How to quilt
By Catalogs Editorial Staff
Today there are two main types of quilting – hand quilting and machine quiltingIn order to learn how to quilt, it is imperative that you first understand the definition of quilting. Essentially, quilting is a sewing method that joins two or more pieces of fabric together in layers to produce a quilt. At its most basic, a quilt consists of three layers of fabric – the quilt (or top) fabric, the batting and the backing material.
Evidence of quilting dates back to ancient Egypt, but it really made its debut during American Colonial times. In the early 1800s women were making whole-cloth quilts. It wasn’t until later that pieced quilts (or patchwork quilts) came into existence. In the early Pioneer days, quilting was done out of necessity for warmth, not as a pastime.
Today there are two main types of quilting – hand quilting and machine quilting. Hand quilting uses the old standard needle and thread while machine quilting is done with a sewing machine fitted with a quilting foot or on a specialized quilting machine. There are many stores with specialized quilting supplies and downloadable patterns.
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Here we provide you with the fundamental terminology and steps on how to quilt using the traditional method.
Quilting termsBacking: The bottom or back layer of a quilt, usually a plain unadorned fabric that has been pieced to the width of the quilt.
Basting: Long stitches used to hold the the top, batting and backing of a quilt together while the quilting is being done.
Batting: This is the layer of “stuffing” in the center of the quilt sandwich.
Binding: Strips of fabric sewn over the edges of the quilt layers to finish and decorate the raw edges.
Blocks: Most quilt tops are constructed by sewing together smaller units called blocks.
Patchwork: A term that originated in England that means piecing quilt squares together to make blocks.
Quilt Top: The top layer of the “quilt sandwich.”
How to quilt1. Select your pattern, batting and fabric
For beginners it is recommended you start with a block pattern. You can find patterns at your local fabric store or online. Many quilters use cotton quilting fabrics that can be found at any fabric store. (You can even stitch together old T-shirts to make a quilt.) Whether or not you wash your fabric before or after you complete the quilt is completely up to you. Some cotton fabrics bleed or shrink, so it is better to wash them beforehand to avoid any surprises with your finished quilt.
2. Measure and cut fabrics
According to information at About.com, it is important to have a basic understanding of patchwork quilt blocks before you even think about cutting your fabric. You can brush up on the difference between a basic four-patch block and a four-block patch with divisions by clicking here. Once you have a fundamental understanding of block patterns, cut the fabric to the correct size to make blocks from your pattern.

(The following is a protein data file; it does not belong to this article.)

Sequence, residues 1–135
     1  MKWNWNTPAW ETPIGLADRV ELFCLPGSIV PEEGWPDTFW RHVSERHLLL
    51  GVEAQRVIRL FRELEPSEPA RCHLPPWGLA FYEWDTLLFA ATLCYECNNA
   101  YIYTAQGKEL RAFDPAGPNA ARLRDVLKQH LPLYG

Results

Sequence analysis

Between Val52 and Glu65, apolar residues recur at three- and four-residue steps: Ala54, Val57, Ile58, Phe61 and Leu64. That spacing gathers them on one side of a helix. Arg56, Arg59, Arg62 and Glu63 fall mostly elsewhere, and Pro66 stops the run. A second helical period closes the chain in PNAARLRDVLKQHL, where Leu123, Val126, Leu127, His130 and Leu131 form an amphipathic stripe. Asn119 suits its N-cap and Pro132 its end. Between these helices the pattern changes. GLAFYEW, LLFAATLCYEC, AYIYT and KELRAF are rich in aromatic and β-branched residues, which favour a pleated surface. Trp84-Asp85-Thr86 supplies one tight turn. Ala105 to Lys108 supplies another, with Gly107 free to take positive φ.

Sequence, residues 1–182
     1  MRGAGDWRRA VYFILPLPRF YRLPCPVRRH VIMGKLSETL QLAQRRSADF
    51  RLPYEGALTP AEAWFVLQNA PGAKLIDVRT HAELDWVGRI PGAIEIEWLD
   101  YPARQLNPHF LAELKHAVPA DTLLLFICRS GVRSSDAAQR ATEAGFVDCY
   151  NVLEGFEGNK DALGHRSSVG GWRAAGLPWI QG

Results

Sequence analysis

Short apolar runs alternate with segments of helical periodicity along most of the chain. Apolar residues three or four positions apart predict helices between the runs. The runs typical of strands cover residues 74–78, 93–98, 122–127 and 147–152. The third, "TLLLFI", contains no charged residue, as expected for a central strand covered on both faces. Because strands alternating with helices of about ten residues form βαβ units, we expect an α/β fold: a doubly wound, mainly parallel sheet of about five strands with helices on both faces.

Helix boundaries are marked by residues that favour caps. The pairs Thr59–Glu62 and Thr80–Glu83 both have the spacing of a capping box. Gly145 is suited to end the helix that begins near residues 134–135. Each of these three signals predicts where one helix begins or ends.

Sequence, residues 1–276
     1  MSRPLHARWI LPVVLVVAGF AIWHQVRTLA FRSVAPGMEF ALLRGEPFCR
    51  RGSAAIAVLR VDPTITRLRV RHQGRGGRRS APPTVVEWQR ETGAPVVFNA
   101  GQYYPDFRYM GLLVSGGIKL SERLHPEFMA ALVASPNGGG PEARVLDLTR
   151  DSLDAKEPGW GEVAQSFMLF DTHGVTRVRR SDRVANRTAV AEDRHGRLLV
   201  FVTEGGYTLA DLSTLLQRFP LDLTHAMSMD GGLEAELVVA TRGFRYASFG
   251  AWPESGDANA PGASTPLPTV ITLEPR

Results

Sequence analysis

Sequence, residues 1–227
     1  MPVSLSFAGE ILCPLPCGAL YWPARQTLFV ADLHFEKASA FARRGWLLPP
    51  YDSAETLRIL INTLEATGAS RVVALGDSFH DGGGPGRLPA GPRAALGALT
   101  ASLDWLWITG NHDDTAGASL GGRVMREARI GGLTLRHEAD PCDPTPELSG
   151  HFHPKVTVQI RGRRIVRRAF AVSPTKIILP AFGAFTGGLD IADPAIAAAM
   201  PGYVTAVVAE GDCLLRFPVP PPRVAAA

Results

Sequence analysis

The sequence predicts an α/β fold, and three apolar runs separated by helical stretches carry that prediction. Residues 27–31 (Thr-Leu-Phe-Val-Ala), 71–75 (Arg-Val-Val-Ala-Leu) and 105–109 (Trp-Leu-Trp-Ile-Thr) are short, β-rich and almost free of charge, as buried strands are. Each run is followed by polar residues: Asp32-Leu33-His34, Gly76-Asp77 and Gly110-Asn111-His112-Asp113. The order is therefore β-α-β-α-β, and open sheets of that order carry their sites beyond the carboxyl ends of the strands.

At this stage, you will sew your cut pieces of fabric together, either by hand or with a sewing machine, to make the blocks. Then you will sew the blocks together to create rows. Press the blocks and then proceed to sew the rows together. This will serve as the quilt top.
4. Layer the top with batting and backing
Often referred to as the “quilt sandwich,” the batting and backing give the quilt is characteristic bulkiness, not to mention warmth. Lay your quilt top on the batting and backing fabrics to ensure they are long enough. Make sure you leave some extra fabric (2 to 3 inches) just as a precaution. You can trim off this excess fabric later. Make sure you smooth out the backing (move it, nudge it, do whatever you can to avoid pressing at this stage) to avoid lumpiness.
5. Sew the “sandwich” together
Using your trusty needle and thread or your sewing machine, sew a stitch through all layers of the quilt. This is the actual quilting process.
6. Square up and trim excess batting, bind the quilt
Binding is generally the last step in quilting. Straight binding is recommended because it is easier than bias binding. To bind, cut strips of fabric to 3 1/4-inch width. Do this for each side of the quilt, but make sure the fabric strips are at least 2 inches longer than the length of the side. Sew around the quilt, about 1/4-inch from the outer edge, ensuring the corners are square. Fold the binding and sew it onto the backing of the quilt, same as above.
7. Press your quilt and you’re done!
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